Monday was a fabulous day. As a school team, consisting of myself, my assistant principal/facilitator, the school counselor/grade 5 teacher as well as a grade 7 lead teacher, we attending the first session of Kurtis Hewson’s CRM for School Leadership Teams. This first session was on ensuring effective CRM meetings, and we were not disappointed.
I signed the OLA school team up for this series of sessions as I instinctively knew that I wasn’t able to fully articulate exactly what CRM is or the benefits of adopting this process. How do you effectively ‘tell’ a staff about a process that will transform teaching and learning for both themselves and for their students without getting the eye-rolling, glazed look from staff thinking “ugh – one- more-thing-to-do” look?
So I signed them up and took them to the source. We attended, participated, laughed, and enjoyed many ah-ha moments throughout the day. We’ve planned next steps, and are committed to effective CRM meetings and moving slow to go fast.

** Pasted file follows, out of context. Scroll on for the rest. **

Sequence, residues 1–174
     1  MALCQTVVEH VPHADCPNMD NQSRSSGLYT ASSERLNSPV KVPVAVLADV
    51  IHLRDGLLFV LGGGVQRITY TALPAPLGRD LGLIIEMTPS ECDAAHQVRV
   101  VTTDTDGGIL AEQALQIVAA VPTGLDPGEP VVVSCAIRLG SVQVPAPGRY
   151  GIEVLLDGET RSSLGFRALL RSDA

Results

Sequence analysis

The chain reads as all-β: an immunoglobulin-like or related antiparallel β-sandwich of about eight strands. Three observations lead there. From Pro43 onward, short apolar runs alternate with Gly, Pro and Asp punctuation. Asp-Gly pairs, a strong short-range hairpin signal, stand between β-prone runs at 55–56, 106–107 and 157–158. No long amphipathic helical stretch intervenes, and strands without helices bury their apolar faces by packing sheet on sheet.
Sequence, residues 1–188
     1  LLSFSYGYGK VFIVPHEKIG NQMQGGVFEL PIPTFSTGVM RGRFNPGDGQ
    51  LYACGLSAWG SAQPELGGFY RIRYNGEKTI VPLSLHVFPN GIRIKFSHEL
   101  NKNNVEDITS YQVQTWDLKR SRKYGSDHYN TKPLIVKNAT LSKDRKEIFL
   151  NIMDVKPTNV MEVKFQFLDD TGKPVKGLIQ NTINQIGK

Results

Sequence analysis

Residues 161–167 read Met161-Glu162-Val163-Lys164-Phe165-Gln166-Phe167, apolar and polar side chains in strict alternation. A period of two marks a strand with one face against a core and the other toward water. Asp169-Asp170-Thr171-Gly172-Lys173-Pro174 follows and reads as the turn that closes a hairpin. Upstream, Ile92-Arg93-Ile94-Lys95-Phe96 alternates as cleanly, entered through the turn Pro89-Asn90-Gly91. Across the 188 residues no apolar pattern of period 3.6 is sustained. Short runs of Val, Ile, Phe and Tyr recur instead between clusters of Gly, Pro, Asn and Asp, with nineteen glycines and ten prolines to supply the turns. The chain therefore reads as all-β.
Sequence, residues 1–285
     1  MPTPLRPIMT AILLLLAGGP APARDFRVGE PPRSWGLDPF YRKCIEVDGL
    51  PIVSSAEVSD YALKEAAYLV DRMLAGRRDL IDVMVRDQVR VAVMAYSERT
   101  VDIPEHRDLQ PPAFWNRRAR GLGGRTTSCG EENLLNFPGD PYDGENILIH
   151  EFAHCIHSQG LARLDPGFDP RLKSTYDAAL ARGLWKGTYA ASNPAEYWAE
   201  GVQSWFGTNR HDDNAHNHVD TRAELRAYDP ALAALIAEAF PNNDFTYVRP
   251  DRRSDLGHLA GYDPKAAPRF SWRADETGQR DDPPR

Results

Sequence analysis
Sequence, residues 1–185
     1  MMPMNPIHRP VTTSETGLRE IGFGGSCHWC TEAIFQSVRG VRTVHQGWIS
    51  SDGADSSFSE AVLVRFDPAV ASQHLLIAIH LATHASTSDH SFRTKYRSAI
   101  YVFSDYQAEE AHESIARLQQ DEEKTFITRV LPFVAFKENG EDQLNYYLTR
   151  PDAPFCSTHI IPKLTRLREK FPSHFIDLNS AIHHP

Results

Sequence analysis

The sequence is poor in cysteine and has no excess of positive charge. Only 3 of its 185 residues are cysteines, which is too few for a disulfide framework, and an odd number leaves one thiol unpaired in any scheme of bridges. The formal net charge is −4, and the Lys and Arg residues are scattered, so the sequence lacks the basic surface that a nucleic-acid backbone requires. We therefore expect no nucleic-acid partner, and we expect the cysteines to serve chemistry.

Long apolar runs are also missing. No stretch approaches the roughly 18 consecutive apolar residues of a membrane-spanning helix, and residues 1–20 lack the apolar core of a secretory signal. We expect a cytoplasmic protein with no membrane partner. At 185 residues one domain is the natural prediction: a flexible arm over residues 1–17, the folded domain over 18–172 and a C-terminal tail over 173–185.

Despite being a part of CRM for the past 5 years, I thought that I might hear a few new things, or ideas and wanted to attend to support my new staff. Was I surprised! I was excited to dig in and get moving with ideas and supports for the staff, as well as fresh ideas on how to support staff and students and run CRM effectively in the school.
Many of Kurtis’ methods beg repeating, but my take-homes include:
- CRM is a process that fits every school demographic, K-12
- Don’t forget to keep asking the “what if’s“? “What would happen if we tried this?” “What would we see if”?
- Administrators MUST be part of the process for CRM to work
- CRM is not RTI ( response to intervention)
- CRM supports the progress of ALL students and the development of ALL staff
But the best one?
Currently, Collective Teacher Efficacy has the 2nd highest ranking for affecting student learning in the classroom. According to John Hattie, (who developed a way of ranking various influences in different meta-analyses related to learning and achievement according to their effect sizes), visible learning and teaching occurs when teachers see learning through the eyes of students and help them become their own teachers.
Now if that isn’t enough for supporting CRM, I don’t know what is……..